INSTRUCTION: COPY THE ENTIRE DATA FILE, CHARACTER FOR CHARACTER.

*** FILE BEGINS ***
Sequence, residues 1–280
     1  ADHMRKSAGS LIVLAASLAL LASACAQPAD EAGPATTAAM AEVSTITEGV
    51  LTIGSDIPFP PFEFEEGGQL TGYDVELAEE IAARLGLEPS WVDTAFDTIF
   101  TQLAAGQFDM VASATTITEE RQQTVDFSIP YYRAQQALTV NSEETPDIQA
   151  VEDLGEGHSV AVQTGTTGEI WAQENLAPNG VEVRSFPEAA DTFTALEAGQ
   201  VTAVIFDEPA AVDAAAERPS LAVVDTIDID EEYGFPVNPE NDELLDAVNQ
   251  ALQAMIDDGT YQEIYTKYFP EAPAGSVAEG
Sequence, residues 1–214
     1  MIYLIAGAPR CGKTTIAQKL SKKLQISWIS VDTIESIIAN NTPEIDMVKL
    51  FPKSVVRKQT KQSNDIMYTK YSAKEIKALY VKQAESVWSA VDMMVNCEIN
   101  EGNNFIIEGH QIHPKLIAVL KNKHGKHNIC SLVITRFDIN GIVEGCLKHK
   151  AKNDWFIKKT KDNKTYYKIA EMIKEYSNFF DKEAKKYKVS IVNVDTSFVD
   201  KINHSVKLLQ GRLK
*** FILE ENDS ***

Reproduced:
Sequence, residues 1–280
     1  ADHMRKSAGS LIVLAASLAL LASACAQPAD EAGPATTAAM AEVSTITEGV
    51  LTIGSDIPFP PFEFEEGGQL TGYDVELAEE IAARLGLEPS WVDTAFDTIF
   101  TQLAAGQFDM VASATTITEE RQQTVDFSIP YYRAQQALTV NSEETPDIQA
   151  VEDLGEGHSV AVQTGTTGEI WAQENLAPNG VEVRSFPEAA DTFTALEAGQ
   201  VTAVIFDEPA AVDAAAERPS LAVVDTIDID EEYGFPVNPE NDELLDAVNQ
   251  ALQAMIDDGT YQEIYTKYFP EAPAGSVAEG
Sequence, residues 1–214
     1  MIYLIAGAPR CGKTTIAQKL SKKLQISWIS VDTIESIIAN NTPEIDMVKL
    51  FPKSVVRKQT KQSNDIMYTK YSAKEIKALY VKQAESVWSA VDMMVNCEIN
   101  EGNNFIIEGH QIHPKLIAVL KNKHGKHNIC SLVITRFDIN GIVEGCLKHK
   151  AKNDWFIKKT KDNKTYYKIA EMIKEYSNFF DKEAKKYKVS IVNVDTSFVD
   201  KINHSVKLLQ GRLK